Texas reporter alleges firing over stripper work

Debate over woman's legal case


A stripper who became a newspaper reporter has filed a complaint against the Houston Chronicle, alleging the paper fired her for the exposes she did at her old job.

Sarah Tressler's gender discrimination complaint, filed with the U.S. Equal Employment Opportunity Commission, claims she was fired by the newspaper in March after working as a society reporter for just two months. Tressler, 30, previously worked as a freelance reporter.

“I was notified … that I was being terminated because my prior activity as an adult dancer was not disclosed when I applied for the job,” the complaint reads. “I believe that the stated reason for my termination was pretextual in that I answered the questions that were put to me truthfully in connection with my application for employment. The true reason from my termination was discrimination on account of my gender.”

Tressler, who runs a blog called “Diary of an Angry Stripper,” announced the filing Thursday during a press conference in Los Angeles with attorney Gloria Allred. She was outed as an “angry stripper” by the Houston Press’ Richard Connelly in a blog posting on March 26.

“I was very upset that I was fired because I had been told by many editors that I was doing a good job,” Tressler said in a statement obtained by “I don’t believe that I should have been terminated because of a claim that I did not disclose on my employment application that I worked as an exotic dancer. There was no question on the form that covered my dancing.”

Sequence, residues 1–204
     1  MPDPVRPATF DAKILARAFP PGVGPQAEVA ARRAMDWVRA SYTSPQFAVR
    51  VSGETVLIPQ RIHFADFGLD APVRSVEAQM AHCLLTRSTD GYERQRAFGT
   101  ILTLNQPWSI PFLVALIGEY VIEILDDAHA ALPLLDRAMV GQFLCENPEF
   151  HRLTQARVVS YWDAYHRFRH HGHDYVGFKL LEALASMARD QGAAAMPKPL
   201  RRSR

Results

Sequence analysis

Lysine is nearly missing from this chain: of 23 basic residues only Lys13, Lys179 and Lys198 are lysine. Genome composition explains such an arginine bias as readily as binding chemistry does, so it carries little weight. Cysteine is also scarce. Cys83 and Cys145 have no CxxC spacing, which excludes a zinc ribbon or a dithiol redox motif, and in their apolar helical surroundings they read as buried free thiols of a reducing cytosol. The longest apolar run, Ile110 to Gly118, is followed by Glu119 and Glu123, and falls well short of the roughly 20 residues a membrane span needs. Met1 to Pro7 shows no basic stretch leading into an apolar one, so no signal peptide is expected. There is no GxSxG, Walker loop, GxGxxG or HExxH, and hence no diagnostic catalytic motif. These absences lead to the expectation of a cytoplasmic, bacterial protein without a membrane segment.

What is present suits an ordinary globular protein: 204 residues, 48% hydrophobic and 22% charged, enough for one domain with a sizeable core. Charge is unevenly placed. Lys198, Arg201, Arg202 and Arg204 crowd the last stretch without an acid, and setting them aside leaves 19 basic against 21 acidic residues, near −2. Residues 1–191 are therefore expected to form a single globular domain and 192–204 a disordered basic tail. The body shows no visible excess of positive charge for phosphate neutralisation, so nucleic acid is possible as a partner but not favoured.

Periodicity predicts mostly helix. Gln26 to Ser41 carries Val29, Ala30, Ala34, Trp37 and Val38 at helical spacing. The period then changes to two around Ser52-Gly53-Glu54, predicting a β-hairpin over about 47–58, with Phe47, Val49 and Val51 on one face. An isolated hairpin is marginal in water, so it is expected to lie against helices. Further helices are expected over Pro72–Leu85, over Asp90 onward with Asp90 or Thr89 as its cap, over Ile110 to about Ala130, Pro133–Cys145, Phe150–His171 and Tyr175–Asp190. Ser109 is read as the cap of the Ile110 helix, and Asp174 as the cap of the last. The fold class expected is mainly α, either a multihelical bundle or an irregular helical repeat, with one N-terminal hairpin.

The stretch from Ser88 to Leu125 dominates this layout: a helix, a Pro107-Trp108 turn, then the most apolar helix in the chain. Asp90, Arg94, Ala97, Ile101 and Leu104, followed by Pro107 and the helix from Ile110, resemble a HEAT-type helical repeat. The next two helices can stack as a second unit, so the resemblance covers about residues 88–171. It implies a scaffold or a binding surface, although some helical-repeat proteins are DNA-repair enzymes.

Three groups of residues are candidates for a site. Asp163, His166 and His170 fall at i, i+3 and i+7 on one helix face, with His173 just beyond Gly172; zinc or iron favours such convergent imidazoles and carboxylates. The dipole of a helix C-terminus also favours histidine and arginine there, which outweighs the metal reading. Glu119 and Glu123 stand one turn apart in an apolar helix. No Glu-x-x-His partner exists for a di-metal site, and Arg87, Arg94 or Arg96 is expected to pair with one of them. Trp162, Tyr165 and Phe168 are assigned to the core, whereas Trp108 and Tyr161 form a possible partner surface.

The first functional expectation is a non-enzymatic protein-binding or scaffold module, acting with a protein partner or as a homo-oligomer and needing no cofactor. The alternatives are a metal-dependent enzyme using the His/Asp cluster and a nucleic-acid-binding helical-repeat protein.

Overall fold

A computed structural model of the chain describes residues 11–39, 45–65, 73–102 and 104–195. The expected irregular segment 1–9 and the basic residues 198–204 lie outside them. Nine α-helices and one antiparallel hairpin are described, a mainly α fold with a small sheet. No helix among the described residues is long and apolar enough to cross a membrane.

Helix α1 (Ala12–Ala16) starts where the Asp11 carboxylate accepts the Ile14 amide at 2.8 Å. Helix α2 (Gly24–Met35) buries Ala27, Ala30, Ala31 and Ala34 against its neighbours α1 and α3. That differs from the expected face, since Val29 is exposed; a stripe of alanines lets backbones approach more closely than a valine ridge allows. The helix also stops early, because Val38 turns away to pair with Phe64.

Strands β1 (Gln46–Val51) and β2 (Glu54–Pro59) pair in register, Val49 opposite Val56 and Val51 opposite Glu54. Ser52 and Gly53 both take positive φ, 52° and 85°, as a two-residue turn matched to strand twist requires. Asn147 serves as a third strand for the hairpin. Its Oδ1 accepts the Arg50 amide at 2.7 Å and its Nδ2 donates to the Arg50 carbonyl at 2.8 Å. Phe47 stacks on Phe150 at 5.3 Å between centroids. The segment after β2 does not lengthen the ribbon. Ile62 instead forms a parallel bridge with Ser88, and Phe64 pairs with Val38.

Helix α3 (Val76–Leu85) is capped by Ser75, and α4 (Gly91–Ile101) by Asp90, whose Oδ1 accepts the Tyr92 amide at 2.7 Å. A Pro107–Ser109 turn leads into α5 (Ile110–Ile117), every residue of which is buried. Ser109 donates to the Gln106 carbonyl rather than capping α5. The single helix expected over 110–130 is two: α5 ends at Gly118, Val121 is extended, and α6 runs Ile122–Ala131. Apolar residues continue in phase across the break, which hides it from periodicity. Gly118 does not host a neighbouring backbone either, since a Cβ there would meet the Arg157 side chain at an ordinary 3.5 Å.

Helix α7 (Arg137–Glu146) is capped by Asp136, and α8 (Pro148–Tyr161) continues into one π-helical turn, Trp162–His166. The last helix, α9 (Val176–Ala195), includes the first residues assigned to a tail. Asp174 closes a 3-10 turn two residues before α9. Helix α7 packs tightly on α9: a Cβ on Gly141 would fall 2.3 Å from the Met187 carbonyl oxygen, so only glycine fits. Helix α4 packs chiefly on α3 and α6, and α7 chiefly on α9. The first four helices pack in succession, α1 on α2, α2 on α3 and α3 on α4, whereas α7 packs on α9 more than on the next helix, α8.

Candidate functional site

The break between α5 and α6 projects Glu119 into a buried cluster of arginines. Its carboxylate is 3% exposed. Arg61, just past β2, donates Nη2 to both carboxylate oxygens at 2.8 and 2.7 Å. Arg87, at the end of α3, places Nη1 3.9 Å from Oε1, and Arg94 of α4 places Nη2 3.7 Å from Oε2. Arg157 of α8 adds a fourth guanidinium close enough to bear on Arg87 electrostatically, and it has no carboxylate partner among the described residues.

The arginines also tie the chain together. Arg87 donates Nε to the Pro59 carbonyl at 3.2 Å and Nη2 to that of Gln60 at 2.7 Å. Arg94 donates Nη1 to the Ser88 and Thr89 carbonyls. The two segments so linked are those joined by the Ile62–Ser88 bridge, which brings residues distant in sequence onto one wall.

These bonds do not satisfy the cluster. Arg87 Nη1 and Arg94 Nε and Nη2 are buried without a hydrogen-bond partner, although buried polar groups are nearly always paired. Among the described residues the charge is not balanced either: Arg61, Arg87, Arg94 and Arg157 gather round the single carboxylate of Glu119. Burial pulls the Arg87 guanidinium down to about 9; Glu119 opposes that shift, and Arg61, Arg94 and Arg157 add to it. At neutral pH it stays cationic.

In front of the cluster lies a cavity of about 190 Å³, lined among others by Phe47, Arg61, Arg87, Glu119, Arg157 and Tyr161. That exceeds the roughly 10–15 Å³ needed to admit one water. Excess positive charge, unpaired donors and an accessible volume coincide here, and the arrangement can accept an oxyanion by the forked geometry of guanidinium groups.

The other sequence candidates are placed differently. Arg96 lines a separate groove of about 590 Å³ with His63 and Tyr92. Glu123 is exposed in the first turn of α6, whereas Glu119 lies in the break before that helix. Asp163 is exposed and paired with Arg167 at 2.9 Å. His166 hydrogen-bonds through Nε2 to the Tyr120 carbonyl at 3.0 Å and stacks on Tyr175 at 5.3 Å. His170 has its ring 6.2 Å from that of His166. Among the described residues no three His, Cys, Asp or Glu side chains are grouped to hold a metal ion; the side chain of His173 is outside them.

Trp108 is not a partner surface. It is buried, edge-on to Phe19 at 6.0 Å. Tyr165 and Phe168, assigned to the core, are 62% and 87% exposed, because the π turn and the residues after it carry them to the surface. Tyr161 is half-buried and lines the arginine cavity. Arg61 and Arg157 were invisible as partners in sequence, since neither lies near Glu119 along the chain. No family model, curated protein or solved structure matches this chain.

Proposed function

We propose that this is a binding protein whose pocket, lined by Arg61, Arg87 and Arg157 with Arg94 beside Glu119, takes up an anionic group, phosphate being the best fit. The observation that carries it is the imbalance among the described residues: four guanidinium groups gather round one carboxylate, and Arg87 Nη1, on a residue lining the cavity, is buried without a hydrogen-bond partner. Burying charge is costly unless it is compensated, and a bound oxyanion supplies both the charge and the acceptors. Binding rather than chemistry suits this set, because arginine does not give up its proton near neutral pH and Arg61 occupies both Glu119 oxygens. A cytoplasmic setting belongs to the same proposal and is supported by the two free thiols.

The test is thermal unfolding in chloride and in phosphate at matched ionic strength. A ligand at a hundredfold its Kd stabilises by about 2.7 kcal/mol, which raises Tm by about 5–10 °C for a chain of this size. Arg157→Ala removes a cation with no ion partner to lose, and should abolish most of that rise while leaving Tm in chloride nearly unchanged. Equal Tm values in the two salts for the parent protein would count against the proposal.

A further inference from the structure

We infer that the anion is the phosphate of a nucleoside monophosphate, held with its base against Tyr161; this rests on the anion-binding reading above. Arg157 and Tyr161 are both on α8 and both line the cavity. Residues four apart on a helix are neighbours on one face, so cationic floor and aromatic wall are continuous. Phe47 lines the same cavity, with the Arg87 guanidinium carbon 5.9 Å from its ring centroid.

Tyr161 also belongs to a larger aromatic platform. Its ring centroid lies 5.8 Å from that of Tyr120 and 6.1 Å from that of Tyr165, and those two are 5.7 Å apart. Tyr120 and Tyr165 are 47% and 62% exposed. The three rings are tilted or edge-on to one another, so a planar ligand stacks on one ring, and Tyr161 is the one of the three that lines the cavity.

A Houston Chronicle spokeswoman told that the newspaper had not seen the complaint and declined to comment.


Tressler, according to her statement, plans to continue her career in journalism.

“I earned an M.A. in Journalism and have been an instructor in writing for print and digital media for the School of Communications at the University of Houston,” the statement reads. “I feel that women should not be denied other employment because they have worked as exotic dancers.”

Allred said Tressler had been employed full-time by the newspaper from Jan. 19 to March 27. She earned her journalism degree from New York University in 2009 and later worked as a stringer for US Weekly in Los Angeles.

“In order to support herself Sarah started performing as an exotic dancer beginning when she was 22 years old,” Allred said in a statement. “Her only other job at that time was as a barista at Starbucks earning $7.25 an hour. She needed the extra money to help pay for college and other expenses.”

Allred said Tressler worked as an independent contractor when she danced at exotic clubs and therefore did not need to list that activity when she applied for the full-time newspaper position.

“Sarah’s work as a dancer is lawful and is not a crime,” Allred’s statement continued. “It does not, has not and will not affect her ability to perform her job as a journalist.”